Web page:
Our Dragon Well (Long Jing) Teas were picked in the early Spring before the Qing Ming holiday. They have been selected from trusted growers located on the outskirts of Hangzhou, Zhejiang. The temperate, overcast and rainy winter climate of Hangzhou contributes to the tenderness and sweetness of the buds and leaves which are picked early in the Spring and are then expertly pan-fried in a wok which further brings out the tea's unique characteristics, with slight sweet and bitter subtleties and the distinguished 'roasted chestnut' aroma.
This is our highest grade of Long Jing tea! The leaves and buds are extremely small and uniform and are light green in color. The soup produced is exceptionally soft and fragrant, and a very pleasant 'hui gan' lingers in the back of the mouth and throat well after drinking. The taste and aroma last through many infusions, and the brewed leaves give a particularly good mouth-feel when chewed on!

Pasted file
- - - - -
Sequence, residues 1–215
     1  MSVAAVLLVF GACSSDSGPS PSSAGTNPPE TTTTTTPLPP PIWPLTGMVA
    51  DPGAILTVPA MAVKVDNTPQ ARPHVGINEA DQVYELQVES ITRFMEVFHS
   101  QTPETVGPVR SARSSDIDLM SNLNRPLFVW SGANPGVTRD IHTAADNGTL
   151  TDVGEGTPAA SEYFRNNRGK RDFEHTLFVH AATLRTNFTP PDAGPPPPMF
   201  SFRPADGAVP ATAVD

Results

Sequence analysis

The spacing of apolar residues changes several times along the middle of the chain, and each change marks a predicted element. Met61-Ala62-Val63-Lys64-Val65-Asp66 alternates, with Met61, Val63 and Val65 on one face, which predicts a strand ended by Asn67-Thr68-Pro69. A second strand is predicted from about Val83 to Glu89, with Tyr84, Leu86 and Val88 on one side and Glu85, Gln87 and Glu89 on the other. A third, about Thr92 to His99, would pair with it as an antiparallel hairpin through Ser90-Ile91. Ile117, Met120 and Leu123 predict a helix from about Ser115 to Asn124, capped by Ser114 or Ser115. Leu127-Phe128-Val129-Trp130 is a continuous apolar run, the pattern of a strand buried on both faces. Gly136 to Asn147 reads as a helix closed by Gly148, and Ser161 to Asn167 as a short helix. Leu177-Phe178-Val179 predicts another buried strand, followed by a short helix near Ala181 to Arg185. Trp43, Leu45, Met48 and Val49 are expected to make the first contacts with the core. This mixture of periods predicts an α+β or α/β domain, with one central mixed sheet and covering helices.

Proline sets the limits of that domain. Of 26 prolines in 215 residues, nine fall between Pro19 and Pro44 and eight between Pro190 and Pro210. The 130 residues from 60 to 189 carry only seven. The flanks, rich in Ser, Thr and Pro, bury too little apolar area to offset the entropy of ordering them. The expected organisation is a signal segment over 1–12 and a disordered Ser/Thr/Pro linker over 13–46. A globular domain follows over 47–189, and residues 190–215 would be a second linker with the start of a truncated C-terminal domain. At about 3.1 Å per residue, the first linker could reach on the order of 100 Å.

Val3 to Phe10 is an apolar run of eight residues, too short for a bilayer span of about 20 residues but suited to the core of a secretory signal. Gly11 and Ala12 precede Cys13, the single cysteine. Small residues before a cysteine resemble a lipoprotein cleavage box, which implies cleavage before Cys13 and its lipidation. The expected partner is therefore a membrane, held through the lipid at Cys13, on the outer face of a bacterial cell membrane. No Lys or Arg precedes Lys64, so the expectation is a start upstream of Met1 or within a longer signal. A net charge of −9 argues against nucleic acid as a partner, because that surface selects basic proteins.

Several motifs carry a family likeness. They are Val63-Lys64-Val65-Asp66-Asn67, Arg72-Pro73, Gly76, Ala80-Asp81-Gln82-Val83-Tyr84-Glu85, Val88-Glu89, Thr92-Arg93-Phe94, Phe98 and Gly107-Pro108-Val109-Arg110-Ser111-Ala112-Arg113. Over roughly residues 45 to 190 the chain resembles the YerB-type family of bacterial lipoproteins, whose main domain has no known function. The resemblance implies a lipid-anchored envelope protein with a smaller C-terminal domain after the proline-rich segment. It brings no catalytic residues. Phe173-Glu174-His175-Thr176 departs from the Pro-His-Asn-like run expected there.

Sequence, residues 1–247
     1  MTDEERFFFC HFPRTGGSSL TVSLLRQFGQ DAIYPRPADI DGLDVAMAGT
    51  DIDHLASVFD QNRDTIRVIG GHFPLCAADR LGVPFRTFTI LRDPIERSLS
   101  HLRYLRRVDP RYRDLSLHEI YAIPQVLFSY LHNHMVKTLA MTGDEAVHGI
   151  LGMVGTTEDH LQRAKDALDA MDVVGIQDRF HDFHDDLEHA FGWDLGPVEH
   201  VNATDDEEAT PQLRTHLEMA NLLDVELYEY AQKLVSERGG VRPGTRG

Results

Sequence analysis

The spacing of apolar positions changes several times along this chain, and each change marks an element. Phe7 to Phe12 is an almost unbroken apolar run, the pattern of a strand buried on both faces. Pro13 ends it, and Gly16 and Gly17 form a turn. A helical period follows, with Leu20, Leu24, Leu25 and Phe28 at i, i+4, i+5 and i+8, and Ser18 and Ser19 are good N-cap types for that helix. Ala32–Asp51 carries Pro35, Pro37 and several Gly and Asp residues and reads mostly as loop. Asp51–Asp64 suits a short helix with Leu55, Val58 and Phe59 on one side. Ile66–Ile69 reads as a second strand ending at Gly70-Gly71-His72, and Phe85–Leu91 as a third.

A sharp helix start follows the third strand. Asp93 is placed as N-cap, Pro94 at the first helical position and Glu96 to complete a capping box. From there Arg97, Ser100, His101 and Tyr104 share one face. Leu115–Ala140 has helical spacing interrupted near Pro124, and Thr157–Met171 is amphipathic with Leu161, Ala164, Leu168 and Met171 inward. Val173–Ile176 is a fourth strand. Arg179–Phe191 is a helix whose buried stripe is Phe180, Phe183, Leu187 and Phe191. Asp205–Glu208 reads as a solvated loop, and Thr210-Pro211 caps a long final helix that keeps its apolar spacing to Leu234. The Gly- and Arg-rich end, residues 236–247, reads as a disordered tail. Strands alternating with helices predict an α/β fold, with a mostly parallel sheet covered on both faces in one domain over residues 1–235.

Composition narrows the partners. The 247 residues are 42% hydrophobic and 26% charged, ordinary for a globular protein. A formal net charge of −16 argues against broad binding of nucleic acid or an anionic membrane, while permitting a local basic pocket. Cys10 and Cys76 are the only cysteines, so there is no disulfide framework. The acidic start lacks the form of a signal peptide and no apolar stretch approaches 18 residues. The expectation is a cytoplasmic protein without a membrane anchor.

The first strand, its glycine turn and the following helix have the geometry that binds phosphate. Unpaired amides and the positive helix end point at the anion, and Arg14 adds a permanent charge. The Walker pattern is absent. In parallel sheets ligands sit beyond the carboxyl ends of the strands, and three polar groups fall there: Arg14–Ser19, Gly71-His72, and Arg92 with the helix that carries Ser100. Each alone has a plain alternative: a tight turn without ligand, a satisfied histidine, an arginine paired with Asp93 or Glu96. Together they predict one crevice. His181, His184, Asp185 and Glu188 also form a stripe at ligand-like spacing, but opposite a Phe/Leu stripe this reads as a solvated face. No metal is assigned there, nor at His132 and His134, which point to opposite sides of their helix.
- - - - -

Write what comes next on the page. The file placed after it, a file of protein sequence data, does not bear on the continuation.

We recommend you order other grades first before ordering this one. Taste this side by side with Premium and Fancy grades we offer and you will taste the difference.
During the Qing Dynasty, the imperial Qing court considered Dragon Well to be the tea of choice for summer consumption while they favored Pu-erh tea during the winter. This is likely due to the soft, refreshing, and cooling taste that the tea provides.
The recommended way to brew Dragon Well tea is to use approximately 4 or 5 grams of tea for 250ml of water, in a glass cup or glass cha hai pitcher. Though some may prefer to slightly rinse the first infusion, the most common way is to NOT rinse the leaves. Use water that is about 80~90 degrees and infuse for 1 to 2 minutes before drinking. Once the water in the glass/pitcher reaches halfway, pour more hot water and fill to the top. This can be repeated several times, mostly retaining the original flavor of the tea. No filter is needed and many enjoy chewing on or eating the tender leaves.
Experiment with amount of leaves, amount of water, and infusion times to reach your preferred strength of tea.
First Flush of Spring (March) Harvest